Wednesday, November 07, 2007

Bikes and Ballots

November 7, 2007, 6:30 a.m.

Bikes, Ballots and the "Wonderful One-Hoss Shay"

Fortunately, it was at the end of a bicycle ride, coming into the gravel driveway at our home, that my bicycle simply disintegrated the other evening. No telling how old that bike was -- or how old I would have lived to be had it chosen to leave me in traffic on a busy road instead of on my front lawn.

Though the bike was much younger than Oliver Wendell Holmes' 100-year-old "Wonderful One-Hoss Shay" it did remind me of the opening and closing lines of his poem:

Have you heard of the wonderful one-hoss shay,
That was built in such a logical way
It ran a hundred years to a day,
. . .
[then] went to pieces all at once,
All at once, and nothing first,
Just as bubbles when they burst.
For starters, the bicycle had been assembled, like Johnny Cash's "One Piece at a Time" automobile ("I got it one piece at a time/And it didn't cost me a dime"), with parts from prior bikes.

After all, I was brought up at a time when "built-in obsolescence" had not yet been invented and "conspicuous consumption" would have produced more social ostracism than admiration and envy -- even if anyone could have afforded it. Our approach to material things was governed by a little rhyme, said to have originated in New England, though it may have been brought over from old England, a rhyme that was an oft-quoted bit of advice during the Great Depression, and on the home front during the World War II that followed:

Use it up
Wear it out
Make it do
Or do without
Why do I tell this story? Because I don't want to risk someone interpreting what I'm about to say as carrying an overlay of "Now I never would have made a mistake like that." With all my emphasis on logic, analysis and John Carver's approach to board governance, I make all kinds of mistakes -- like continuing to ride an old bicycle long beyond the years when it's still safe -- and might well have been a party to the County Auditor's Office miscount last night had I been in charge.

Having said that . . .

How the hell do you overlook a 2000 vote margin on the "Take a drinking break at 10:00 p.m." ordinance vote? If the vote count on any community's controversial referendum would warrant a check and a double-check before reporting results it would have been this one.

The evening, and the reports of the vote, kind of reminded me of an election some 60 years ago:

"According to the Texas Election Bureau, an unofficial election agency run by Texas newspapers, Stevenson led at midnight by 2,119 votes out of 939,468 counted. 'Well, it looks like we've lost,' Lady Bird told Dorothy Nichols on the phone."

Or so it seemed. The votes kept coming in and the results went back and forth; victory was now declared for Stevenson, now for Johnson, now for Stevenson. After most of the tallies, the governor held a slight advantage. Then, six days after the election, a funny thing happened: 203 votes turned up in Box 13 from the pint-sized town of Alice, Texas. Even funnier: 202 of those votes were for Lyndon Johnson.
Johnson was ultimately declared the winner of that election -- by 89 votes. [There are many sources for this bit of history; this was just the first on Google's list, AskGleves.]

It only took a switch of 89 votes to make these election results an italicized and bold footnote to American history.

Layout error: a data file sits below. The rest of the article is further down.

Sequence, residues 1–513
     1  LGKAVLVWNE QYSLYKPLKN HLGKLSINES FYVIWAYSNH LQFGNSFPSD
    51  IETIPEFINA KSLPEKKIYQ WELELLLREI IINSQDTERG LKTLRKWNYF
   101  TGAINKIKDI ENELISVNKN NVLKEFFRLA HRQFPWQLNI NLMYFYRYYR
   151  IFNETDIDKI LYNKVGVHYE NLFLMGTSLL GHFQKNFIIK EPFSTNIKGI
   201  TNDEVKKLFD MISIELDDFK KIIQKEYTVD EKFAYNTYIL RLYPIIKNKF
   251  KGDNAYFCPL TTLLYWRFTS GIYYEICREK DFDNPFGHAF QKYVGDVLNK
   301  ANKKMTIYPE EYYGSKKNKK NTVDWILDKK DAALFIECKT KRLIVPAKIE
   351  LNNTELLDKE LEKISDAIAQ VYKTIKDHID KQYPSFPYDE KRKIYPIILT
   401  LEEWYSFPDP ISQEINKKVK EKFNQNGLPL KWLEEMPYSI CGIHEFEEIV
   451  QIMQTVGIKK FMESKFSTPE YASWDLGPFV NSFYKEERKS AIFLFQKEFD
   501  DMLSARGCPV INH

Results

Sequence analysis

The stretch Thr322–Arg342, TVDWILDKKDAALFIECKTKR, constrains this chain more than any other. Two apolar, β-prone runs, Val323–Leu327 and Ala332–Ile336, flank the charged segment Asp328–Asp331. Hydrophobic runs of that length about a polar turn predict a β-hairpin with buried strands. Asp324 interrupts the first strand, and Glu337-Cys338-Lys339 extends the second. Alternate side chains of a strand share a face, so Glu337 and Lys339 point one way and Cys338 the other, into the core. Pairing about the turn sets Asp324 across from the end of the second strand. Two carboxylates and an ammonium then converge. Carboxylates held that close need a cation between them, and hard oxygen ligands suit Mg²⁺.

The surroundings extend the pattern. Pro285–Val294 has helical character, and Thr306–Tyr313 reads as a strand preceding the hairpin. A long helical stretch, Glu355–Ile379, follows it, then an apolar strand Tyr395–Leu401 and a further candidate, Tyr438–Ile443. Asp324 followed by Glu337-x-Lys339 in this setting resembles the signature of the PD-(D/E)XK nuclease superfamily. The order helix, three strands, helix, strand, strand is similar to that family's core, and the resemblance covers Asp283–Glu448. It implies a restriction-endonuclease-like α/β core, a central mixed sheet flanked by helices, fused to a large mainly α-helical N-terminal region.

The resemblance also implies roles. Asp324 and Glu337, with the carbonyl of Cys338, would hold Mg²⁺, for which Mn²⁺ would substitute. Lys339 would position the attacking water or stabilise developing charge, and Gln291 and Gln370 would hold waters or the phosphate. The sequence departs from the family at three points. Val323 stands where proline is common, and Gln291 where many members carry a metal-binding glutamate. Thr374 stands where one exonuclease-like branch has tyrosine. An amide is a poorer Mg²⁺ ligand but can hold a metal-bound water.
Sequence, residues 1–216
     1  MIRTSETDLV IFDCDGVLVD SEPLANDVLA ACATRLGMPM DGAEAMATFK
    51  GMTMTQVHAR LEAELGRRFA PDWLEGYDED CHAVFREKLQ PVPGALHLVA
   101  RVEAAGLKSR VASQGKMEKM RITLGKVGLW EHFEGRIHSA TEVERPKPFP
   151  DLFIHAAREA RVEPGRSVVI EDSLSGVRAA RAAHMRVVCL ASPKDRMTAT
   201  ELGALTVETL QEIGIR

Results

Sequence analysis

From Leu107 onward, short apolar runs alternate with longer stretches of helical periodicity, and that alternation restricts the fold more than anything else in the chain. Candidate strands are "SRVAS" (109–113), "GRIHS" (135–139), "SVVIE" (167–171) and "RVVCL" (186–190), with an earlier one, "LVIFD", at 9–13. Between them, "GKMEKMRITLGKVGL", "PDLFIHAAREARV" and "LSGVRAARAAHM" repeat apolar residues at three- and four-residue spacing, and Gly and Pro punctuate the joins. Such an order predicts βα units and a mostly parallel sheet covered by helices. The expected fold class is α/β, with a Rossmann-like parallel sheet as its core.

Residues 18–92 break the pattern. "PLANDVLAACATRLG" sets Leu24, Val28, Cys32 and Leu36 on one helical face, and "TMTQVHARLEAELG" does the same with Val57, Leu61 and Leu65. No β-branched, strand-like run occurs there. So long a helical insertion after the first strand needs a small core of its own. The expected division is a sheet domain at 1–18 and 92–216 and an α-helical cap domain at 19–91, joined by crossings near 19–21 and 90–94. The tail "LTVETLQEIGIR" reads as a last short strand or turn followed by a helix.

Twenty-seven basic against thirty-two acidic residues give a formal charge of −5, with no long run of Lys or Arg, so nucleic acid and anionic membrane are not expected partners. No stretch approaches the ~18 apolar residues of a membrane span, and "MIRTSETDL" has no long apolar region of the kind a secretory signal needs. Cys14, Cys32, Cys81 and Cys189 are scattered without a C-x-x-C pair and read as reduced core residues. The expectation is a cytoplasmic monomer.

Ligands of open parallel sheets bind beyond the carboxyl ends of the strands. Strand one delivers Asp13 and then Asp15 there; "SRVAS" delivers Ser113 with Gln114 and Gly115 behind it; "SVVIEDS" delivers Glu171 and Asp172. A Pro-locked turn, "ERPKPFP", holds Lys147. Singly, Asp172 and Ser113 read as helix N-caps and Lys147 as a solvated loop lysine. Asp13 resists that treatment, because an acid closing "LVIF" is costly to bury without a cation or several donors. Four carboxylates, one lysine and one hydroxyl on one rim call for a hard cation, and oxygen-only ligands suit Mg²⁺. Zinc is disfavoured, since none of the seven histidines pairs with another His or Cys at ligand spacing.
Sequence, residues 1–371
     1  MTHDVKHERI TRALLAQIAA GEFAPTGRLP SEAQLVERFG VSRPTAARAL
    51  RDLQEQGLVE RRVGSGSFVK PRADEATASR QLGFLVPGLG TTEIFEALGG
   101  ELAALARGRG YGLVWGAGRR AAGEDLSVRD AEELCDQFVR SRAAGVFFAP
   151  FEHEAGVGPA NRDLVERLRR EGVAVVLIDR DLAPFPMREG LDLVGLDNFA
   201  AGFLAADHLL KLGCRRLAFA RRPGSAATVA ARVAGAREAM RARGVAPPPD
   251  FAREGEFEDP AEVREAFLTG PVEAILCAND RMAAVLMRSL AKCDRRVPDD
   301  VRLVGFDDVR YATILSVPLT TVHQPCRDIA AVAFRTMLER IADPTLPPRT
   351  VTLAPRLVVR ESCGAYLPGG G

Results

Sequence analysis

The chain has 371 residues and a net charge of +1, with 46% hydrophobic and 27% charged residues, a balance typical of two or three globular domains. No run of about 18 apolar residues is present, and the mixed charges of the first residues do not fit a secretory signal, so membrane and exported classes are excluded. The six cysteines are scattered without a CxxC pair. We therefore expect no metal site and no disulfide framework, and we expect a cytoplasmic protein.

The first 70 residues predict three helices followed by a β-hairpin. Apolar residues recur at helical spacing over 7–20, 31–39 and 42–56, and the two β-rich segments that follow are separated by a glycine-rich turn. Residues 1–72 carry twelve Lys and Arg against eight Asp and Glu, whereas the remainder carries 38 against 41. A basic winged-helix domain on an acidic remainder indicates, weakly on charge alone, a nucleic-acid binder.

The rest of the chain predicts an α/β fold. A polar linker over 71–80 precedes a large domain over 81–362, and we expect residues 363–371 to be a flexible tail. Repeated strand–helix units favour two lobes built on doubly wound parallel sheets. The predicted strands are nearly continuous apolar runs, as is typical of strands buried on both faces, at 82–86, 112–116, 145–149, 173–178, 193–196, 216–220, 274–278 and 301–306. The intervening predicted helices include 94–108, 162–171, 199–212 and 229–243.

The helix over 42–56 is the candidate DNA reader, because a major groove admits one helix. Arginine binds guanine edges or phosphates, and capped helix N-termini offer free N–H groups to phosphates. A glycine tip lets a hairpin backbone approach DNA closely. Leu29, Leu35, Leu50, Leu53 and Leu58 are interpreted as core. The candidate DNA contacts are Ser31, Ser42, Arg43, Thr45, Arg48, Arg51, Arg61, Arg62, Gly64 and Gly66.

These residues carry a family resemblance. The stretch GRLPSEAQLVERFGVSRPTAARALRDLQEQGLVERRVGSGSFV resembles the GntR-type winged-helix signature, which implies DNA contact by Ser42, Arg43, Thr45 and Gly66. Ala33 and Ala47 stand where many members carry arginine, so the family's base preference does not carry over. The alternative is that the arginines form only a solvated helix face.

What are we to make of a late-hour, 2000-vote swing in the vote count on behalf of the Iowa City's City-Council-backed, illegal-drug dispensing, election-manipulating, irresponsible and greedy bar owners?

[How can I call the bar owners "illegal drug dealers"? Because . . .

1. Alcohol is our nation's number one hard drug by any and all measures: numbers of people involved and affected (alcoholics, alcohol abusers, binge drinkers; plus family, friends and co-workers), percentage of crimes involving alcohol and numbers of persons in prison with alcohol problems, economic impact from absenteeism to property damage, and permanence of adverse health effects -- among others.

2. Alcohol cannot legally be sold or consumed (outside of a family home) by those under the age of 21.

3. Bar owners are operating establishments the sole purpose of which is to profit from the sale and consumption of alcohol, knowing that a significant proportion of the consumption of alcohol from which they are profiting is being done by those who are doing so illegally.

4. Therefore, I contend, they are illegal drug dealers -- with a political and economic power, not unlike the MedellĂ­n Drug Cartel in Colombia, to control our City Council and University.]
Kind of reminds me of CitiGroup's failing to notice an $11 billion loss as it was occurring. How do those things happen? Wouldn't somebody notice after the first billion was missing from the petty cash drawer? [See, e.g., Eric Dash, "For Citigroup’s New Head, Focus Is Subprime Tangle," New York Times, November 7, 2007.]

This is one election fiasco that's going to have to be explained in excruciating detail.

We know of the multi-hundred-thousand-dollar benefit the defeat of the ordinance will bring to the bar owners. For the benefits it will bring to the UI's binge-drinking students -- helped along by the silence on this ballot proposition from their self-censored, see-no-evil-hear-no-evil-speak-no-evil, pro-all-business administrators and faculty -- see this morning's video offered by State29, "Cheers!" November 7, 2007.

# # #

1 comment:

Anonymous said...

That was in Duval County Texas where the dead vote regularly. I drove past the Duval County Courthouse several years ago and it looked like it was ready to collapse.

There is a wonderful photo of the discovery of ballot box 13 in a Johnson biography showing all of the public servants. In fact it was a beer keg that had been converted into a ballot box. If we ever go back to paper ballots that would also work in Johnson County.